WCVM Explores Mechanisms of Brachyspira Infection

Farmscape for October 26, 2021

Full Interview 10:24 Listen

Researchers with the Western College of Veterinary Medicine hope to identify the mechanisms of Brachyspira infection in an effort to develop vaccines to protect pigs from the bacteria. The Western College of Veterinary Medicine, in partnership with the Natural Sciences and Engineering Research Council, is exploring the mechanisms of infection in hopes of developing vaccines to prevent disease associated with Brachyspira. Dr. Matheus Costa, an Assistant Professor with the Western College of Veterinary Medicine and an adjunct professor with Utrecht University, says we don’t fully understand how know how Brachyspira induces disease.

Clip-Dr. Matheus Costa-Western College of Veterinary Medicine:
We know that Brachyspira hyodysenteriae and hamsonii does not attach to the host. Think about it as a free-living bacterium in the large intestine that never invades the host, never attaches directly to it but yet causes very severe disease, which is different from Brachyspira pilosicoli. We know that Brachyspira pilosicoli will actually attach to the cells and we believe that’s how it will induce disease. So, one of the key challenges is characterising that. How specifically, from a molecular perspective, is Brachyspira hyodysenteriae and hamsonii which cause swine dysentery, how do they actually cause disease? We don’t know if it’s one toxin or multiple toxins. We don’t fully understand that. We have definitely characterised a few toxins in that past decade or so here that could potentially contribute to that but we haven’t been able to completely reproduce the disease just with these candidate toxins without the bacteria alive when exposing a suspectable pig. We’re missing that gap.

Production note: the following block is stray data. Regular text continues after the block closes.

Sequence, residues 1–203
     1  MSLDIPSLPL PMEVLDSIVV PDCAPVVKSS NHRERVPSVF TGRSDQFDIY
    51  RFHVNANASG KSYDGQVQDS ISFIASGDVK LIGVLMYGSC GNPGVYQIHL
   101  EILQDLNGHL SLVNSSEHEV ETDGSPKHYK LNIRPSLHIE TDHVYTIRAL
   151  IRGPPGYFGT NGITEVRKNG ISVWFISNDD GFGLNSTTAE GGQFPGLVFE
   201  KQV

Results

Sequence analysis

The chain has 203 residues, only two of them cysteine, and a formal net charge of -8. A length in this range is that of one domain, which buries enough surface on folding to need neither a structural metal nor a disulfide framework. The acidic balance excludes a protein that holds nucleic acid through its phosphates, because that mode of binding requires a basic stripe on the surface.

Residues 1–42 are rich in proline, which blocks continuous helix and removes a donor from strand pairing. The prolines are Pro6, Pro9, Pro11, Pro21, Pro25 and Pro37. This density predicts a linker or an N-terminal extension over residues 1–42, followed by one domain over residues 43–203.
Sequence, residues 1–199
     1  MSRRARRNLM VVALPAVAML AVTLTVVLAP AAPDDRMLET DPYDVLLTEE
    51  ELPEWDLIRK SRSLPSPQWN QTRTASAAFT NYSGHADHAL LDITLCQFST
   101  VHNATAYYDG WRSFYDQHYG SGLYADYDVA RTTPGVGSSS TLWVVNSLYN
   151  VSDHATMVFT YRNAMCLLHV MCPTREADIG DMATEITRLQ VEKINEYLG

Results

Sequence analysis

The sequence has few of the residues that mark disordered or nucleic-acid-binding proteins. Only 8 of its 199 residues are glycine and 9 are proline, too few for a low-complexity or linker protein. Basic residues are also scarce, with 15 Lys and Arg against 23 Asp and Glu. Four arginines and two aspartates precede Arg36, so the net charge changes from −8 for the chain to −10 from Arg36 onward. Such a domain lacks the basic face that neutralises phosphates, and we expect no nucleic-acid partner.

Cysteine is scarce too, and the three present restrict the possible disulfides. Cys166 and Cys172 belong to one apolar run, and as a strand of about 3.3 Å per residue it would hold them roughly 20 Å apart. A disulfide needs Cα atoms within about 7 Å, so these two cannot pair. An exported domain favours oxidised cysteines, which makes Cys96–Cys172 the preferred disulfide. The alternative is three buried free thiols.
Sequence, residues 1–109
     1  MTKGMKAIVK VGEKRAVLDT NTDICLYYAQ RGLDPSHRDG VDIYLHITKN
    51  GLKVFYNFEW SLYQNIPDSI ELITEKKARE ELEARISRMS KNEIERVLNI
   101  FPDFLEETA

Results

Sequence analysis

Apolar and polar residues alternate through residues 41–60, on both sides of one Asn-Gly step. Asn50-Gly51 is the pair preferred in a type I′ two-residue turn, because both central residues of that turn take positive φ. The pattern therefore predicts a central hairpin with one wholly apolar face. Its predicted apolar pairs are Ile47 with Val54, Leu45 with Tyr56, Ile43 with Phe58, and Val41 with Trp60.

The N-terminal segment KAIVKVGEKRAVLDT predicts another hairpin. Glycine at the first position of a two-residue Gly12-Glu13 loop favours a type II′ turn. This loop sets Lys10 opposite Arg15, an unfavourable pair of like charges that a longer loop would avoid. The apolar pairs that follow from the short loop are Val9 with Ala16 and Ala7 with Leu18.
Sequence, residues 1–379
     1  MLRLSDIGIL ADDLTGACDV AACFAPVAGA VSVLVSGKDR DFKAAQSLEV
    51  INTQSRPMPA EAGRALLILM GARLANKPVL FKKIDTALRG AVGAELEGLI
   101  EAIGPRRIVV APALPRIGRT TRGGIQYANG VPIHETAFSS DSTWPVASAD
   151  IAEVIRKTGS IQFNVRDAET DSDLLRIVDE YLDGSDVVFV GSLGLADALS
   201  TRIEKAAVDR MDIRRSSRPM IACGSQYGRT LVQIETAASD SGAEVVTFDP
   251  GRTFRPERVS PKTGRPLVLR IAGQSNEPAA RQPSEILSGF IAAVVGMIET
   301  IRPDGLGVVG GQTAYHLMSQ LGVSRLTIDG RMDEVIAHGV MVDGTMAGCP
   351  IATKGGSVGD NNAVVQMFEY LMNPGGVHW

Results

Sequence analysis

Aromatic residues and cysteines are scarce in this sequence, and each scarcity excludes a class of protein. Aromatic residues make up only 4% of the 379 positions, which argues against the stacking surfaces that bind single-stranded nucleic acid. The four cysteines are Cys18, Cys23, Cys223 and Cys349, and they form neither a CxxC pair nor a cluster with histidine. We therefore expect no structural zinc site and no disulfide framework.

Dr. Costa says another gap is that we don’t understand why pigs that have had the infection don’t develop protective immunity.
He says we’ve learned Brachyspira shuts down one specific response cascade that activates and allows B cells to mature and produce antibodies and the hypothesis is that this prevents the pig from developing immunity.

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